Yawn, I’d top him. He has a book to push.
When Jeremy Affeldt came to the Bay Area as an opposing player, he refused to leave his hotel room aside from going to and from the ballpark. He was admittedly homophobic.
When he joined the San Francisco Giants five years ago, Affeldt became determined to get rid of his negative feelings toward the gay population. The transformation took time and a change of heart, given what he calls his “sheltered” upbringing in the Eastern Washington city of Spokane. Now, Affeldt is more than comfortable saying he was wrong to judge a community based solely on sexual orientation.
‘Milk’ was shit.
Today is Harvey Milk Day in California.
And I’m left to wonder what Harvey would say if he were here.
I imagine he’d start by saying that this day isn’t about him. For Harvey, it was always about the movement, never about ego.
He’d likely say that this day is for the kids out there in Altoona, Pa., who still feel that what makes them different makes them “less than” and are feeling hopeless. He’d tell anyone who would listen that they must come out and stand up — and send that young person a much-needed message of hope.
But I’m afraid that the next thing Harvey might ask is, “What has happened to the coalitions we started building?”
Because as proud as I am of the work that so many brave people have done to come out and share their stories, I’m afraid that we have neglected one of the most critical pieces of Harvey Milk’s successful political philosophy.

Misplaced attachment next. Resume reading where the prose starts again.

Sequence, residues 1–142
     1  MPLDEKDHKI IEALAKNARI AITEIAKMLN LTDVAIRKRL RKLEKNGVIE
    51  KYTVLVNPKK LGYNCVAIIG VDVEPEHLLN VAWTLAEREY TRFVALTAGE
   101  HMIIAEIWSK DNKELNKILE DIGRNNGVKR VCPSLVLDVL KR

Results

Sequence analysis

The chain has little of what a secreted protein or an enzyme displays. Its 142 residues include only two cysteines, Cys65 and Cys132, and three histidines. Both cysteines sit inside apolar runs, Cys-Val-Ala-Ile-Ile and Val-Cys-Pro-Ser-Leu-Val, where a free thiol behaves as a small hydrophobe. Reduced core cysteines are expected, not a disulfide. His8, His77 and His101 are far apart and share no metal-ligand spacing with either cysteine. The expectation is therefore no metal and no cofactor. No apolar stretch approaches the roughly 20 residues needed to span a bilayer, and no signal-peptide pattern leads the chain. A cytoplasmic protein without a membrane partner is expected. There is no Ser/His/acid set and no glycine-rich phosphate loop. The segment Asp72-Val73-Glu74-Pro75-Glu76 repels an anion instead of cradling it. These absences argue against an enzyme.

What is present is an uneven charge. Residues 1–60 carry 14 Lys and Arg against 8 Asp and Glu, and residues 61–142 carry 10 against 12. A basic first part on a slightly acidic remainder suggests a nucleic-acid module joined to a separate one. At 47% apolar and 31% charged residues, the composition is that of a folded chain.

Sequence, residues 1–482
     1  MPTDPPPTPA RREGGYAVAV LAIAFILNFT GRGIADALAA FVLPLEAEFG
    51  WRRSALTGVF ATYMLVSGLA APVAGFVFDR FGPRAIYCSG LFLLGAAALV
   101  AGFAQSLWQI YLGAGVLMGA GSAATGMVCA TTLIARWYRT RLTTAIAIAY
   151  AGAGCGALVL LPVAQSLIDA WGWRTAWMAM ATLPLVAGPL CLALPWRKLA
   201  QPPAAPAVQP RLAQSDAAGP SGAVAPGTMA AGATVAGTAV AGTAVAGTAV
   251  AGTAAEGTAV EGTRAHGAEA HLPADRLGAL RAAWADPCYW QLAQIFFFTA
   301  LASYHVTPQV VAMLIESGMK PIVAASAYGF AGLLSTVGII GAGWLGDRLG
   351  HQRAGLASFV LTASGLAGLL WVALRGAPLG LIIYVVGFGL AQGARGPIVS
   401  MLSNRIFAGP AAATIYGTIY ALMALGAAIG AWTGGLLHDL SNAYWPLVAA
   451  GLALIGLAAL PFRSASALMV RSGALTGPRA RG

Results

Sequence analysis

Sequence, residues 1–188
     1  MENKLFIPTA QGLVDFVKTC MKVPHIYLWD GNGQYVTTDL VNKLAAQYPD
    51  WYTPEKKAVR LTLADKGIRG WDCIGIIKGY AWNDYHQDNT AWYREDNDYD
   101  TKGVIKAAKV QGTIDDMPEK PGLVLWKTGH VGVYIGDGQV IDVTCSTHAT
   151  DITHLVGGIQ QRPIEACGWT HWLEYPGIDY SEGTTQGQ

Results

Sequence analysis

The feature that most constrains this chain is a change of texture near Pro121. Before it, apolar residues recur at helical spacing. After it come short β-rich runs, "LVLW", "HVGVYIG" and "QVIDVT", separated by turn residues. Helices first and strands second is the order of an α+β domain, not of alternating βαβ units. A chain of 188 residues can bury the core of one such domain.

Harvey Milk was not myopic when it came to his equality. If he had been, he never would have been elected. Harvey was a pure populist. He worked hard for all people who have been made to feel “less than,” and all minorities whom the system wasn’t working for.
Early on, he backed the unions in the Coors beer boycott in the ’70s, forging an unexpected alliance between gays and union truck drivers. He went into Chinese communities and made sure that the ballots were written in Mandarin instead of in English. He fought for seniors and the homeless.
It seems that the message we too often miss from Milk’s work is that all Americans have an interest in equality because soon we will all be minorities in some way or another; it just depends on how we slice the pie.
Separate, we are all vulnerable. Together we are unbeatable.
Harvey called this his “coalition of the us’s” — not only gays but blacks, Asians, seniors, the disabled. He understood the interconnectedness of our common struggles.
The idea was simple but brilliant. Harvey believed that people who are very different deserve equal protection. And he knew that if we were ever going to win that freedom and keep it, we had to stick together.
When I wrote the movie Milk, I focused mostly on Harvey’s call to send a message of hope to the young LGBT people who were suffering, likely because I had grown up feeling a lot like that isolated kid from Altoona.
But here’s the thing: I grew up gay, but I also grew up Mormon and in Texas. I grew up with a single mother who walked with crutches because of polio. And we had no money. I was a free-lunch kid. We were different in so many ways beyond just the gay thing. So why didn’t I shine a brighter light on Harvey’s “coalition of the us’s”? It’s one of my few regrets with the portrayal.
Because the bottom line is this: We in the LGBT movement have a long way to go when it comes to joining together with other groups who are seeking equal opportunity and equal protections. Too often I witness a myopia that I fear may keep us from crossing the finish line of full equality and leave any gains we make feeling impermanent.